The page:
SEATTLE — Washington state Sen. Joe Nguyen is running for King County executive.
It sets up an unusual challenge from the left of incumbent King County Executive Dow Constantine, who is seeking his fourth term.
"What we need right now are leaders who will fight with the fierce urgency to actually get these things done. We've been tackling and talking about problems as it relates to inequities in our society," Nguyen said in an interview with KING 5 before his official announcement. "It's time for us to act. What this pandemic has shown is that there is a need, and urgency for change in other ways within our society have been exacerbated."
Nguyen, of White Center, worked in the tech industry before making a surprising run for office in 2018, beating Constantine's then-deputy chief of staff and becoming one of the two first Vietnamese American legislators in state history.
It also immediately put him on every political insider’s list as a rising star at just 37-years-old, whose talking points about criminal justice and environmental issues, along with progressive tax reform, played well in his 34th District.
"What's interesting is that having been in the Legislature for the past few years, seeing how transformative it can be to have leaders who reflect the diversity of this community, who have lived experiences of failed policy and being able to act on these to make positive change," Nguyen said. "So in my mind, we can't go back to what we've been doing before. It hasn't worked for a long time."
Nguyen also said he believes further reforms are needed in the King County Sheriff's Office and that he believes Sheriff Mitzi Johanknecht should resign, rather than retire as his opponent has suggested.
Constantine hasn't faced a serious challenge since 2009, when he was first elected over former TV anchor Susan Hutchison.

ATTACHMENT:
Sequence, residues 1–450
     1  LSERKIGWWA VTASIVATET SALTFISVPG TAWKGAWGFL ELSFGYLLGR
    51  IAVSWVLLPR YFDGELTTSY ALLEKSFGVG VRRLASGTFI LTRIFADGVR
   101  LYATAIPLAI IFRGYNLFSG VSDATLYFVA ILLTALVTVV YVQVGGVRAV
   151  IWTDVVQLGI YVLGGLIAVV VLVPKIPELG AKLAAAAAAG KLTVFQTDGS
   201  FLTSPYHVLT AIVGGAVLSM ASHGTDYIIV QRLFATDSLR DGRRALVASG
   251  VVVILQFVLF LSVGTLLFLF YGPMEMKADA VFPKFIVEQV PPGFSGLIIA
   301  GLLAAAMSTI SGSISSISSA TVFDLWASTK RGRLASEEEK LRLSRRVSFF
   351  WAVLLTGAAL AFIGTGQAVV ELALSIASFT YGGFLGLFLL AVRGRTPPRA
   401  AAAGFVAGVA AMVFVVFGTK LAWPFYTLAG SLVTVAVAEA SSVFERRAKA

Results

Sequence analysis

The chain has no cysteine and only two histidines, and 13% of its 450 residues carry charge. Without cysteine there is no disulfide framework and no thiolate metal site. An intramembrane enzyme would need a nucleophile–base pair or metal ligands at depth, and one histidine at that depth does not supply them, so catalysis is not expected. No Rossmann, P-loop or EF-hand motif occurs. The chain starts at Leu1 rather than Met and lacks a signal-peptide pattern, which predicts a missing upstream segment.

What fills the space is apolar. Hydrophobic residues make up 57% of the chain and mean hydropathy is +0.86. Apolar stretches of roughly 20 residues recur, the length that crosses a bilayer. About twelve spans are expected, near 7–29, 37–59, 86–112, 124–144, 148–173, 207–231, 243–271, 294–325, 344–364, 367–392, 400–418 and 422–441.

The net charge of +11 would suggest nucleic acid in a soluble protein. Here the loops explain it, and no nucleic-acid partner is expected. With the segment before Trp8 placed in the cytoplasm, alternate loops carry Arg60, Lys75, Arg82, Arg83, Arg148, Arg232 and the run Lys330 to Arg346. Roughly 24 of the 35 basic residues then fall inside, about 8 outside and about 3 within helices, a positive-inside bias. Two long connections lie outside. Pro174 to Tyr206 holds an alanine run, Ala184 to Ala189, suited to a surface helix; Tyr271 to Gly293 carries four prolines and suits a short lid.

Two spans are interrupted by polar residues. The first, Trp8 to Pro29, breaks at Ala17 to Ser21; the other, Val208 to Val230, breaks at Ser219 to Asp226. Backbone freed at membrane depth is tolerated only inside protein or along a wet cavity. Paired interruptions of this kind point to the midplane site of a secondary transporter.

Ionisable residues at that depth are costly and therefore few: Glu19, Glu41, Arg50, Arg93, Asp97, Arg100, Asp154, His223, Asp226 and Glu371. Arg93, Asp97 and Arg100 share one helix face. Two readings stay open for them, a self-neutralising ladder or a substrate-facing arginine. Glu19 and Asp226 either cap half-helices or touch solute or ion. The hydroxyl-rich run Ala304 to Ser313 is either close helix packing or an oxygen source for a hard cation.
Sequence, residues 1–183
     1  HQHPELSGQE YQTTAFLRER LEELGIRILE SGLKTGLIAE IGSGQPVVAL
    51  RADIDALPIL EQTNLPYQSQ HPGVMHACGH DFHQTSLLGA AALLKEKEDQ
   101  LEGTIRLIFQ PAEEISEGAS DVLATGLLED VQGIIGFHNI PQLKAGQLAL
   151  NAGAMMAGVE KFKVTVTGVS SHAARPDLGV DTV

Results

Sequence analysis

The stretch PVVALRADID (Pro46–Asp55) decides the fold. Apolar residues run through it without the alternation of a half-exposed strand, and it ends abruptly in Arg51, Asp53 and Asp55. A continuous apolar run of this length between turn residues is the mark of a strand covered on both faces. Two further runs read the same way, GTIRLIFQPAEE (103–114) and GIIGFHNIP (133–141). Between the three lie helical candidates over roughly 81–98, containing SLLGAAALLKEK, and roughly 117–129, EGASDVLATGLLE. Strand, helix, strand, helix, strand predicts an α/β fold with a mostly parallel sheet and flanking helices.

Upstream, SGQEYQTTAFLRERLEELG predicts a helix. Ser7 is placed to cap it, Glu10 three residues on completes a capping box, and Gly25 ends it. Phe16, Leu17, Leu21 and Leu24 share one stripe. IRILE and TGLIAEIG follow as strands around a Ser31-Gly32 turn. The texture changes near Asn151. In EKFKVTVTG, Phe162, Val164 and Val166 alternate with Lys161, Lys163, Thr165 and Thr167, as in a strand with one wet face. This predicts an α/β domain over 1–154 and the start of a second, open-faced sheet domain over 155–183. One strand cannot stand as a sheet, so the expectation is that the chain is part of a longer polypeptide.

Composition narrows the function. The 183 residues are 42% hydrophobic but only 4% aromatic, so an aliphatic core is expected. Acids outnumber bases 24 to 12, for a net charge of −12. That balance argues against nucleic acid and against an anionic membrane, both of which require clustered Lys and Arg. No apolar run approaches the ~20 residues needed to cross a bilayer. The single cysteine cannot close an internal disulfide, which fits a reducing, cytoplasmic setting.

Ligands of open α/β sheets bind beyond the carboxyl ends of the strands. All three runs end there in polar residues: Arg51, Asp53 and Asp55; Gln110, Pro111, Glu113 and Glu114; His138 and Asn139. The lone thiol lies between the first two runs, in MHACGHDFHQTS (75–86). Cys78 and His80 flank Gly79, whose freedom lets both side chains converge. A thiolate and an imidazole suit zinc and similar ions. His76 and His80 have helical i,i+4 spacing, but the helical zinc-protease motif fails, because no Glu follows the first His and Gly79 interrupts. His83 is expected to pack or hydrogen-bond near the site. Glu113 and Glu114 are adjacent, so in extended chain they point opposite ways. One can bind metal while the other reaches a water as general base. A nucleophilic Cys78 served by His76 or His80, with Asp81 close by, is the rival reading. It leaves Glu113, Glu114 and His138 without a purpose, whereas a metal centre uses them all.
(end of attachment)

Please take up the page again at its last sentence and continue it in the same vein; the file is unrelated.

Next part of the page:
The state's Public Disclosure Commission shows that Constantine has already received more than $1 million for his re-election campaign.
But Nguyen believes voters are yearning for a change.
"What's interesting is that people have shown that they need leaders who will step up and do the work and not just show up for photo ops or press conferences," Nguyen said. "Candidly, I ran for office against 11 other people that I wasn't supposed to win, because I wasn't part of the political establishment. I think right now, people are just tired of how politics works or doesn't work."
After his official campaign kickoff, Nguyen said he sees real differences between himself and Constantine.
"I don't know if it's ideologically, so much as philosophy of how we do things. I think we need leaders who lead within the community and not just out in front," he told KING5.
Nguyen specifically called out Constantine for his support of the construction of a new youth jail.
"As an example, if I were to try and lower rates of incarceration, I wouldn't just build a new youth jail. I would invest in communities."
"Senator Nguyen is a serious candidate. He's young, energetic, well-liked and known. He's a strong progressive. He's someone that knows how to run and win a campaign," said KING 5 News Political Analyst Scott McClellan, who said Nguyen faces an uphill battle, but also signals a changing political climate.
McClellan continued, "I think it's a reflection of the times to some extent, this is a time of change, and particularly here in the Northwest, a time of more progressive change. It's a progressive area. But this is a chance for someone who is well known and liked to come in and try to almost outflank Dow Constantine to the left."
Constantine, in an interview Tuesday, said he didn't see a difference in values with Nguyen, and said he will take his campaign seriously, which has already raised more than a million dollars.
He also defended his leadership on the youth jail issue.
"There are a lot of folks that didn't want us to build a new building, to leave kids in the one with asbestos and rusty water," Constantine said. "We built a new building, nearly half the size, as part of the effort to reduce youth detention."
Constantine's campaign is also quick to point out a series of endorsements, including from Washington Gov. Jay Inslee.
Nguyen said he's not deterred by Constantine's head start, or campaign funding.
"Because politics is about people, not careers, not about money, making sure the people's voices are heard. And honestly, in my first race, our opponent outraised us four to 1 and we won by 20 percent. Things are changing, power is changing, people want change and that's what we're going to deliver," he said.